Biology Faculty Articles
Change and stasis of distinct sediment microbiomes across Port Everglades Inlet (PEI) and the adjacent coral reefs
Microbiomes, Port, Coral reefs, South Florida, 16S amplicons
Deep water ports are human built coastal structures that by definition welcome ship traffic and disturbance. Evidence is accumulating that enhanced port activities such as dredging or deepening have negatively affected nearby natural habitats. Port Everglades Inlet (PEI) is a large active South Florida cargo port for over two million people and lies adjacent to coral reefs, dwindling mangroves, and recreational beaches. In this study, the microbial communities of PEI and adjacent reef sediments were characterized to serve as indicators for change due to dredging and assess anthropogenic influence on these sensitive ecosystems by sequencing the V4 region of 16S rRNA ahead of a large-scale port deepening event. For the first time, this study established baseline bacterial community characterizations and their patterns of diversity prior to and after a maintenance dredging event. PEI samples were collected for two consecutive years 2020 (Phase I, before maintenance dredging) and 2021 (Phase II, after maintenance dredging) from PEI sediments and adjacent coral reef sediments. In spite of their proximity and tidal connections through the PEI, reef and PEI sediment microbial communities were distinct. Changes in microbial diversity within the intracoastal waterway (ICW), a route for community exchange or transfers, were the greatest after maintenance dredging occurred. Microbial diversity in reef sediments also changed after dredging, indicating potential influence from resuspended sediments due to an associated increase in trace metals and decrease in cyanobacterial diversity. Sediments were identified as a possible source of human and coral pathogens, although dredging did not affect the relative abundances of these indicator microorganisms. This study highlighted the utility and relative ease of applying current molecular ecology methods to address macroscale questions with environmental management ramifications.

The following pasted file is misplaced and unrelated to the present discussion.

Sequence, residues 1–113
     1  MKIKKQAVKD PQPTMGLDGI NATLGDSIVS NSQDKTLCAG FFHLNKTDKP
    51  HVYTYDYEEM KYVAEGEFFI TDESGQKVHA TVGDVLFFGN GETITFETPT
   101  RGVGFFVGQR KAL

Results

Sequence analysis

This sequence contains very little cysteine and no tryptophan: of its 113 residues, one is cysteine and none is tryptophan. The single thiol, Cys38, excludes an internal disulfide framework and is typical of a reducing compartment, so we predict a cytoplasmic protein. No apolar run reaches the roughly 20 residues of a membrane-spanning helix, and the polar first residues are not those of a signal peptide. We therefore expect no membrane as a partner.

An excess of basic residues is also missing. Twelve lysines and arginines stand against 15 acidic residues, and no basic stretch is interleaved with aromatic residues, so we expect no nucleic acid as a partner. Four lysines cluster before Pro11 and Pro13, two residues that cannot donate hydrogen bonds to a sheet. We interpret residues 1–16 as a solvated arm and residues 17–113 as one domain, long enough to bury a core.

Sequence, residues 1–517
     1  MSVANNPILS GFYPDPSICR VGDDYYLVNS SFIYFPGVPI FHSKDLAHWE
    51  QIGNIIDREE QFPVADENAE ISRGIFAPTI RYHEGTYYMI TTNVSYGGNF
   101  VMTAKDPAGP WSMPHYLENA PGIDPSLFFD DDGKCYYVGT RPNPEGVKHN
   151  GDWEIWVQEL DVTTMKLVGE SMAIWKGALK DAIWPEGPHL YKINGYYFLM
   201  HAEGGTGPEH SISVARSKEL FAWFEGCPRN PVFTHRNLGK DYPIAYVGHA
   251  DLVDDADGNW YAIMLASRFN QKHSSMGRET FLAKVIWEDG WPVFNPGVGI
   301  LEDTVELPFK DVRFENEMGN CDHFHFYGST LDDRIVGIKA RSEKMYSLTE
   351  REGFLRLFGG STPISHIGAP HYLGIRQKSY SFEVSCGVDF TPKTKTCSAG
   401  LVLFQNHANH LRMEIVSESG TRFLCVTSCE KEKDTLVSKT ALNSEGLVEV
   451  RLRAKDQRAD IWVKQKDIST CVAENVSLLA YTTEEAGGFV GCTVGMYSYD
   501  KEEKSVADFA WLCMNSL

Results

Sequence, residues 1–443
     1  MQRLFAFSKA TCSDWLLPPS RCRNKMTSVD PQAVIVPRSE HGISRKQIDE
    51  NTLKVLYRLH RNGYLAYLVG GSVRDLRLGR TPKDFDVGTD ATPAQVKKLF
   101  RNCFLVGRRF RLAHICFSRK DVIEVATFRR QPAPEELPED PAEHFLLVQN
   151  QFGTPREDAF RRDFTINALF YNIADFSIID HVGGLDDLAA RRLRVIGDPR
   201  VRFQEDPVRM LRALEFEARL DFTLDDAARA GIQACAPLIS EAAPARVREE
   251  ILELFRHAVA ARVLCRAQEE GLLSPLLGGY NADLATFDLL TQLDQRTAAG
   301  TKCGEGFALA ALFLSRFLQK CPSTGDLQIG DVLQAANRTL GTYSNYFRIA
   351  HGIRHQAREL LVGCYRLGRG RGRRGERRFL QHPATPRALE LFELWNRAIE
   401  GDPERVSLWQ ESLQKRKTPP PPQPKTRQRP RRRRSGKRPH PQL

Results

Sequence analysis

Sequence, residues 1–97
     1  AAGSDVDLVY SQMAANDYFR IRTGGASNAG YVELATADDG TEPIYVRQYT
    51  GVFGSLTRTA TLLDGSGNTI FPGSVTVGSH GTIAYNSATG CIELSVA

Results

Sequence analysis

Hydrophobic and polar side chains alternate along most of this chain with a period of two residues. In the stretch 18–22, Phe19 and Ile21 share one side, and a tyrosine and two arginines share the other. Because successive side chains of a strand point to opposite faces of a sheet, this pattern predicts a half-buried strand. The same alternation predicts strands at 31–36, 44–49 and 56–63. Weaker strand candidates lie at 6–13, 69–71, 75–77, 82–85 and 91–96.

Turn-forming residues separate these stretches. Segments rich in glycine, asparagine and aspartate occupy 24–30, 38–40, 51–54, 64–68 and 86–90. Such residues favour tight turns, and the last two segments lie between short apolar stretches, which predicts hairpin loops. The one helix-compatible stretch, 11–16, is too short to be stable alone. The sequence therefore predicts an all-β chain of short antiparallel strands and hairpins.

This project fulfilled Contract PO # B6F91C issued by the Florida Department of Environmental Protection (DEP) Coral Reef Conservation Program and funded by a grant agreement from the Florida Department of Environmental Protection (DEP) through National Oceanic and Atmospheric Administration (NOAA) Award No. NA19NOS4820053 to DEP. The following grant information was disclosed by the authors: Florida Department of Environmental Protection (DEP) Coral Reef Conservation Program. National Oceanic and Atmospheric Administration (NOAA): NA19NOS4820053 to DEP. FDEP CRCP.
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Krausfeldt, Lauren E.; Jose V. Lopez; Catherine Bilodeau; Hyo Won Lee; and Shelby L. Casali. 2023. "Change and stasis of distinct sediment microbiomes across Port Everglades Inlet (PEI) and the adjacent coral reefs." PeerJ 11, (e14288). doi:10.7717/peerj.14288.
Biology Commons, Marine Biology Commons, Microbiology Commons, Molecular Biology Commons
The following information was supplied regarding data availability:
The sequences are available at the National Center of Biotechnology Information (NCBI) Sequence Read Archive (SRA): PRJNA742832.
Supplemental information for this article can be found online at http://dx.doi.org/10.7717/ peerj.14288#supplemental-information.